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    London, UK (16th Jan 2015): The World Match Racing Tour has had a successful title partnership with Alpari (UK) Limited since 2012, generating significant exposure for the brand. We were very sorry to hear the news today that Alpari has entered into insolvency, particularly for our friends and colleagues at the company who have been affected by the announcement. The World Match Racing Tour is continuing as scheduled, including the final event of the 2014 World Championship in Malaysia from 10-14 February. The Tour will shortly announce its 2015 calendar of events, including two new official stages. With over 250 sponsors involved across all Tour events worldwide, we have already received interest from potential global partners for the coming season.

    Read more...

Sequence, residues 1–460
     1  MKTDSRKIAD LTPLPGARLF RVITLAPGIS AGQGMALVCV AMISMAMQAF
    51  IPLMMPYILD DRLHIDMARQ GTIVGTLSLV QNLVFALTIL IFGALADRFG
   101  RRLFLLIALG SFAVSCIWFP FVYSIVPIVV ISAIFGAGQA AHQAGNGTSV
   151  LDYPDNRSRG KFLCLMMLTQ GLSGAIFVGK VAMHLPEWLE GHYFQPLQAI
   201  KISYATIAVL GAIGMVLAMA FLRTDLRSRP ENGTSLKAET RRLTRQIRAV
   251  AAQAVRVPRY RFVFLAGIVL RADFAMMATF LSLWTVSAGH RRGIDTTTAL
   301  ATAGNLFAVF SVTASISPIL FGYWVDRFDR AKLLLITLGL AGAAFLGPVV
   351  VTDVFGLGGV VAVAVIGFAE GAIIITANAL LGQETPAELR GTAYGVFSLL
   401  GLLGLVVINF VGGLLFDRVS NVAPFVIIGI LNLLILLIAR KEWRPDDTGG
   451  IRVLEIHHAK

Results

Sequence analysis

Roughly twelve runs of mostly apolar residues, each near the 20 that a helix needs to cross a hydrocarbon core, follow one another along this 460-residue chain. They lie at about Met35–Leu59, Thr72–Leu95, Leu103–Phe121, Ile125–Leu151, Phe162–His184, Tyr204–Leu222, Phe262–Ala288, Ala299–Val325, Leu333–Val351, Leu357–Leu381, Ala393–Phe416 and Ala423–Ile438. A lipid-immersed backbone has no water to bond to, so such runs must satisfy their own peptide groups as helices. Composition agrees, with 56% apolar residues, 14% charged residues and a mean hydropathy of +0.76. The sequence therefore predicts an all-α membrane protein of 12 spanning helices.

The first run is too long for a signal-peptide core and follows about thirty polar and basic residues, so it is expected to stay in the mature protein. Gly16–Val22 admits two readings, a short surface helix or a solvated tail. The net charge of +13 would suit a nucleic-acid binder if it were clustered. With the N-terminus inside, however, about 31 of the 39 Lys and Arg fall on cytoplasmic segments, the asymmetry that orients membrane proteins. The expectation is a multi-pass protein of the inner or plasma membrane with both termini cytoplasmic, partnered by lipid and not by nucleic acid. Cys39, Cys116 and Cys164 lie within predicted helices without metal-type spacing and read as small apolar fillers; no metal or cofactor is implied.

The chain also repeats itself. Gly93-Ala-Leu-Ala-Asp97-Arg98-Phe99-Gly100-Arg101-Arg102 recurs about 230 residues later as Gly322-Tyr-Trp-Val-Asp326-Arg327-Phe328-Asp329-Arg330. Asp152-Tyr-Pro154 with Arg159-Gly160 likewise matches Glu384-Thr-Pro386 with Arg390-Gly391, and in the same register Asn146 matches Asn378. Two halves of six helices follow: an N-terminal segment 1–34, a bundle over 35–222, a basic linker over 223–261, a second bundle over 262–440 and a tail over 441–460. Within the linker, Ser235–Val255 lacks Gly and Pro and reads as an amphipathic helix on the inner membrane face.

London, UK (13th Jan 2015): As the world of professional yacht racing continues to open up new challenges for today’s top sailors, Andy Rice looks at how one of the longest running global sailing world championships gives sailors the skills (and the money) they need to make it to the top of the sport… Making your way in the world is a professional sailor is not easy. It’s one thing to build the raw skills required for the job - whether it be as a helmsman, tactician, bowman, trimmer, or otherwise. But the other part of the puzzle, and one that pro sailors aren’t always great at, is the set of ‘soft skills’ - running a campaign, operating a team, finding and managing sponsors, marketing yourself, and so on. For many years, one of the toughest proving grounds has been the Alpari World Match Racing Tour, the ISAF-sanctioned official World Championship of match racing, which started in 2000. Some of the greatest names of the sport have done battle on the Tour, former world champions including the likes of Sir Ben Ainslie, Sir Russell Coutts, Ed Baird and Peter Gilmour. Next month, British sailor Ian Williams is bidding to become the most successful Tour champion of all time, looking to add a record fifth world championship title to his resume. If the GAC Pindar skipper can acquit himself well at the Monsoon Cup in Malaysia, this would take him beyond Gilmour, who also holds four world titles. Never mind the prize money at the Monsoon Cup of US$410,000, the biggest prize purse in the sailing world, Williams wants that fifth title more than anything. Both Taylor Canfield and tactician Rod Dawson are aiming to win the world championship this season © Robert Hajduk / AWMRT Standing in his way, however, is reigning World Champion Taylor Canfield from the US Virgin Islands. Canfield’s team mate on US One, his Kiwi tactician Rod Dawson, also stands on four titles, having won three with Gilmour and last year’s fourth with Canfield. Aside from the prestige of winning a second world title, Canfield sees winning the Tour as a springboard into other opportunities in the professional sailing world. With ambitions on sailing for an America’s Cup team in the future, his US One crew will be competing on the M32 catamaran circuit this season, as well as competing on the Tour. Francesco Bruni shares his comments on the Alpari World Match Racing Tour with Andy Rice © Ian Roman / AWMRT Like many pro sailors, Canfield sees the value of cross-training in a variety of aspects of the sport. Even though the 2017 America’s Cup is focused on wing-masted, hydrofoiling catamarans, sailors like Luna Rossa helmsman Francesco Bruni still believe in the importance of testing yourself in top-level competition. While the boats in keelboat match racing are not always the fastest, they require the same split-second decision making, putting teams under pressure. The binary nature of match racing - you win or you lose - leaves you nowhere to hide. Learning to cope with that kind of intensity arms you for whatever future challenges get thrown at you. Recent Tour competitors like Denmark’s Nicolai Sehested and Peter Wibroe know all about that - after running aground aboard Team Vestas Wind on a coral reef in the Indian Ocean during the Volvo Ocean Race. Russell Coutts pays tribute to long-standing Tour events like the Argo Group Gold Cup in Bermuda, saying that without that event the America’s Cup would never be coming to the Atlantic island in 2017. “It was through that event and others like it that we, as sailors, were able to practice and refine our match racing techniques,” the five-time America’s Cup winner told the Bermuda Gazette newspaper recently. Russell Coutts winning the King Edward VII Gold Cup in Bermuda back in 2004 © RBYC It’s notable that even with the specialised skills required to steer a 40-knot hydrofoiler, some of the leading proponents like Oracle Team USA skipper Jimmy Spithill and the eponymous Ben Ainslie don’t have a long history of multihull experience. But they have both reached the highest levels of the match racing scene, both being former world title holders. Tour Director Craig Mitchell, who witnessed the 2013 America’s Cup in San Francisco at close quarters as an on-the-water umpire, is in no doubt about the skills - both sailing and otherwise - that a team develops during a Tour campaign. The speed of the new breed of high-octane foiling multihulls is impressive, but at its heart, America’s Cup racing still places a huge emphasis on the need for quick decision making and strong leadership skills, Mitchell argues. “Competing on the Alpari World Match Racing Tour is massively challenging and rewarding on a number of fronts,” says Mitchell. “Aside from being the pinnacle of the match racing world each year, testing your tactical skills and your teamwork in a very competitive and aggressive environment, it offers a path to get noticed - by winning arguably the hardest world championship in the sport, and without requiring a large budget. You’re not caught up in a technology race because you don’t need to own the boats. You fly into the venues and you compete using your inherent sailing skills, it’s not always about having a faster boat. “Of course, money still helps, because it allows you more training time and the opportunity to hone your skills at other non-Tour events. With a total prize purse over $1.4million up for grabs, and with the top three typically winning in excess of $100,000 a year, there’s a reasonable living to be made. And if you really have your act together, such as Ian Williams and his crew, then you can secure the backing of a good sponsor such as he does with GAC Pindar.” Ian Williams of GAC Pindar generates an extensive media coverage on the Alpari World Match Racing Tour © Ian Roman / AWMRT According to an independent report by leading sports marketing research agency Repucom from 2013, the net media value [using Repucom’s Quality Index system] for GAC Pindar’s support of Williams for that year was in excess of $10m. “The advertising equivalent value of the coverage secured by GAC Pindar was well over four times that amount,” explains the Tour’s Executive Director James Pleasance, “but it’s industry practice to measure the net media value as around 25% of that figure. Even so, generating over $10m in value for a sailing team together with the opportunity to earn prize money and a potential world championship title is the appeal of competing on the World Tour.” This year will be the 16th year of the Alpari World Match Racing Tour with new events and new skippers ready to make their mark on the world of professional sailing. The teams will have to master different boats at each event, one of the unique challenges of the Tour which requires the sailors to adapt quickly to the different boat characteristics and also weather conditions. To succeed on the Alpari World Match Racing Tour, however, is one of the most credible titles to hold in the sport. Become world champion and the world [of professional sailing] is your oyster. Just ask those that have won it. The Monsoon Cup finale takes place in Johor, Malaysia, from 10-14 February 2015, and will determine the outright winner of the Alpari World Match Racing Tour for 2014. Follow the action at www.wmrt.com